Johann Sebastian Bach is one of the most unfathomable composers in the history of music. How can such sublime work have been produced by a man who (when we can discern his personality at all) seems so ordinary, so opaque—and occasionally so intemperate?
John Eliot Gardiner grew up passing one of the only two authentic portraits of Bach every morning and evening on the stairs of his parents’ house, where it hung for safety during World War II. He has been studying and performing Bach ever since, and is now regarded as one of the composer’s greatest living interpreters. The fruits of this lifetime’s immersion are distilled in this remarkable book, grounded in the most recent Bach scholarship but moving far beyond it, and explaining in wonderful detail the ideas on which Bach drew, how he worked, how his music is constructed, how it achieves its effects—and what it can tell us about Bach the man.
Gardiner’s background as a historian has encouraged him to search for ways in which scholarship and performance can cooperate and fruitfully coalesce. This has entailed piecing together the few biographical shards, scrutinizing the music, and watching for those instances when Bach’s personality seems to penetrate the fabric of his notation. Gardiner’s aim is “to give the reader a sense of inhabiting the same experiences and sensations that Bach might have had in the act of music-making. This, I try to show, can help us arrive at a more human likeness discernible in the closely related processes of composing and performing his music.”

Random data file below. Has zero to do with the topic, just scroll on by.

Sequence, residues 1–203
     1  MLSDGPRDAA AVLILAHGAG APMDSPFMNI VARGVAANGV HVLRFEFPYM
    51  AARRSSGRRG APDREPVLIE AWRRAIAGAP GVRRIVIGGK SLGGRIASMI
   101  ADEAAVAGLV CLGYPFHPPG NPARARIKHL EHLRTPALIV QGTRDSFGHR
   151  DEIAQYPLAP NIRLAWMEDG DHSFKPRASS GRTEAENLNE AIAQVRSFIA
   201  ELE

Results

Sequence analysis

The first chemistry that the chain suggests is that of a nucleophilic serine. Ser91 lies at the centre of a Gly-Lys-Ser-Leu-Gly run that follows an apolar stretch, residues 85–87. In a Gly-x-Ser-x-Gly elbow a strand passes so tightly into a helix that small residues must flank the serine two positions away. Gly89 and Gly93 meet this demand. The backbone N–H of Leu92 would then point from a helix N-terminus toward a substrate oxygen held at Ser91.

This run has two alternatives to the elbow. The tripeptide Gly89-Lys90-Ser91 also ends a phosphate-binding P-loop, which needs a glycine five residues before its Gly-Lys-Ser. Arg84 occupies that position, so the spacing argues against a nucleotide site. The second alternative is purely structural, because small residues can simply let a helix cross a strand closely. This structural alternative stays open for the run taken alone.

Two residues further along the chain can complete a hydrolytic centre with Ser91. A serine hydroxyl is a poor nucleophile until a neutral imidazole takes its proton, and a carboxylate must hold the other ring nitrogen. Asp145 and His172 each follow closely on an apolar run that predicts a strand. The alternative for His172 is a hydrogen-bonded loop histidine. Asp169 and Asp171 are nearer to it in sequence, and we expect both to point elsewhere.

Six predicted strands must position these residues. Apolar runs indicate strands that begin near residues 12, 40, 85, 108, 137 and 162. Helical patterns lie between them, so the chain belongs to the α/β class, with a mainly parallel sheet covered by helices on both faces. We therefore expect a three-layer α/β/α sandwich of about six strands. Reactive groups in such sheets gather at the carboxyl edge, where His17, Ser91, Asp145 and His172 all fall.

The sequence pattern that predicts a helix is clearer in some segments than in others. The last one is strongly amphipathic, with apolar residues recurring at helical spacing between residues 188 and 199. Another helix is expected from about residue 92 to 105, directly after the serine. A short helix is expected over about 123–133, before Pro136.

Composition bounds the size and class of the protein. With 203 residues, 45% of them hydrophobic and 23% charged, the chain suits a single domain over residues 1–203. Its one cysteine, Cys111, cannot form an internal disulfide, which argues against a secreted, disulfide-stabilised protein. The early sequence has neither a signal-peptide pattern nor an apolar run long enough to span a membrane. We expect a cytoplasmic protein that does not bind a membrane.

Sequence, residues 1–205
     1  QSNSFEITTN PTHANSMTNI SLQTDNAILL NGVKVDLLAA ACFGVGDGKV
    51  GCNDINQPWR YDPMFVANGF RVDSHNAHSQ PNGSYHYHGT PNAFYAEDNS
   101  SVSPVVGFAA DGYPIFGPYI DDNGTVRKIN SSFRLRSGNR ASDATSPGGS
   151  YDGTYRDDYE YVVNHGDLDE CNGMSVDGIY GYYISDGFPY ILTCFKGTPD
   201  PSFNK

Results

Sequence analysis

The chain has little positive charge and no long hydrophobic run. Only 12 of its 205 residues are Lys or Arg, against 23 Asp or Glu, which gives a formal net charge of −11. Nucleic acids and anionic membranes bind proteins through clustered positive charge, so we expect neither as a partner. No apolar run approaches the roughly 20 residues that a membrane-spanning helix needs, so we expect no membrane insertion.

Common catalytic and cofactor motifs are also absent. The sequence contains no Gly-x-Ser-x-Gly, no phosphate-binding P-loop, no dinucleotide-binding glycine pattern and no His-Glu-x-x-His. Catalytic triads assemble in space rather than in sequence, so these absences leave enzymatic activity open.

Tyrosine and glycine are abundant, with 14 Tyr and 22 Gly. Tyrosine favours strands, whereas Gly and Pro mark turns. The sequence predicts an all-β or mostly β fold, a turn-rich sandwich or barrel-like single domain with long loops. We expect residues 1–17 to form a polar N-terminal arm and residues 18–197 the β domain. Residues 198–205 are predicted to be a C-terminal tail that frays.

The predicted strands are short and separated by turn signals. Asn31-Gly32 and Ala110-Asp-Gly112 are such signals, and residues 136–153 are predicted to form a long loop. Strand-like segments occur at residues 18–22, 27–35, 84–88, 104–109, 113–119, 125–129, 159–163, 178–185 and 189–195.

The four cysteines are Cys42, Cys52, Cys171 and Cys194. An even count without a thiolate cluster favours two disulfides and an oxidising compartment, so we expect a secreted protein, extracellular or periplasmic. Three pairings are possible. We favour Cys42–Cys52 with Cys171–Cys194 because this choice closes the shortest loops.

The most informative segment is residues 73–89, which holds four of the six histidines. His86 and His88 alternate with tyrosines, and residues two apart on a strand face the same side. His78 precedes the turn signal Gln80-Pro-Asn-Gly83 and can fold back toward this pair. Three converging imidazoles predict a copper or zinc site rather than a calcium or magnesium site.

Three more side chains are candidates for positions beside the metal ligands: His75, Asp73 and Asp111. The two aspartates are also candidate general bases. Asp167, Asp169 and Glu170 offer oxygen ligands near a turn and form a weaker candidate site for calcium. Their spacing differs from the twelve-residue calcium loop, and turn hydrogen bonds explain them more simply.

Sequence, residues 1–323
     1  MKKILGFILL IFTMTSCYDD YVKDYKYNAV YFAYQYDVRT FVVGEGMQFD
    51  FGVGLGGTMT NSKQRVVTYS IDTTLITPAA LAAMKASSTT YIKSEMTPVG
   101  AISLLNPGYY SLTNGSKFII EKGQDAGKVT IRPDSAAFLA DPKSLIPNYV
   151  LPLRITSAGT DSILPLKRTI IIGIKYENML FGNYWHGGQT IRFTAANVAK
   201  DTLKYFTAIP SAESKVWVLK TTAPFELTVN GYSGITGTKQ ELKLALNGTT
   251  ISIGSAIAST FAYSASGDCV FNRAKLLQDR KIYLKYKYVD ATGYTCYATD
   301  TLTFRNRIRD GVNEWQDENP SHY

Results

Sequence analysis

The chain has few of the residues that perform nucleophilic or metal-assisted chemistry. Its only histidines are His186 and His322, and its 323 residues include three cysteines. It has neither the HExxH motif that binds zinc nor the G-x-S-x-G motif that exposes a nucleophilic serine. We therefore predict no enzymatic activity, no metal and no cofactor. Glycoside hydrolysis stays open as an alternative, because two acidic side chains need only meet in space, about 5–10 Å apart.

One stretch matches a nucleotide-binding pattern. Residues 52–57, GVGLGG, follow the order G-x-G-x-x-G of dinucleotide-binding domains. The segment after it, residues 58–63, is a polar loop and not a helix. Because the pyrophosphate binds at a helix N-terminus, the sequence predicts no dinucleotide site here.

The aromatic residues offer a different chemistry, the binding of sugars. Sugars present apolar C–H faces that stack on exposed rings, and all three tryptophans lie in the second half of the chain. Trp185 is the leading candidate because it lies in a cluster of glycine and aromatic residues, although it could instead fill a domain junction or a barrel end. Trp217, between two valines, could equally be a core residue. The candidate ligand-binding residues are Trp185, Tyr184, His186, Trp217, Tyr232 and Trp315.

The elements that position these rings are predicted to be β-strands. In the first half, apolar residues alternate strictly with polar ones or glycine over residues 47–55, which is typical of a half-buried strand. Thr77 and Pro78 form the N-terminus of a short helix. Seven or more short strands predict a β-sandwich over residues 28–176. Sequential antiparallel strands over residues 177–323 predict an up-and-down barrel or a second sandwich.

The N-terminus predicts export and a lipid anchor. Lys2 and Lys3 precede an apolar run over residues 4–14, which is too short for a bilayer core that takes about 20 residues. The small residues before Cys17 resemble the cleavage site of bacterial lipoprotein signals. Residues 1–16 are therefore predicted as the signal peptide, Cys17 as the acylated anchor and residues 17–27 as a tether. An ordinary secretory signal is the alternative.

It is very rare that such an accomplished performer of music should also be a considerable writer and thinker about it. John Eliot Gardiner takes us as deeply into Bach’s works and mind as perhaps words can. The result is a unique book about one of the greatest of all creative artists.
About John Eliot GardinerSee more books from this Author
A celebrated conductor of baroque music debuts with an examination of Bach’s compositions, descriptions of various works and some inferences about the genius who created them...An erudite work resting on prodigious research and experience and deep affection and admiration.Read Full Review of Music in the Castle of Heaven... | See more reviews from Kirkus
Mr. Gardiner writes in a lively, conversational fashion, if not always a syntactically correct or felicitous one. Dangling participles and other detached modifiers abound.Read Full Review of Music in the Castle of Heaven... | See more reviews from NY Times
His book is not a biography, but its guesses about the inner life of an impersonal man are shrewd...Gardiner's is a festive book, enlivened by the "joy and zest" of Bach's "dance-impregnated music".Read Full Review of Music in the Castle of Heaven... | See more reviews from Guardian
For a book subtitled A Portrait of Bach there are remarkable inconsistencies. It's clear that Gardiner's priority is Bach the church musician, rather than Bach the court composer, but much of the instrumental output is barely mentioned.Read Full Review of Music in the Castle of Heaven... | See more reviews from Guardian
"Bach: Music in the Castle of Heaven" is an unusual book—part biography, part exegesis of Bach's choral masterpieces (the cantatas, masses, oratorios and passions). Mr. Gardiner organizes it in 14 loosely related chapters, or "spokes" of the wheel that is Bach's life and music.Read Full Review of Music in the Castle of Heaven... | See more reviews from WSJ online
...if you want a balanced biography, this is not for you. The opening chapters are chaotic...But if you want a detailed analysis of the cantatas, the two Passions and Mass in B minor, and a feeling for their wondrous piety, Gardiner provides exhaustive satisfaction.Read Full Review of Music in the Castle of Heaven... | See more reviews from Financial Times
Sir John Eliot Gardiner, a world-renowned English conductor, has helped open a scholarly window to the life, music and mystery that defines Bach.Read Full Review of Music in the Castle of Heaven... | See more reviews from Washington Times
This book is not a biography in the conventional sense—of which there are plenty already, some of them excellent—but an attempt to uncover the man through his music.Read Full Review of Music in the Castle of Heaven... | See more reviews from The Economist
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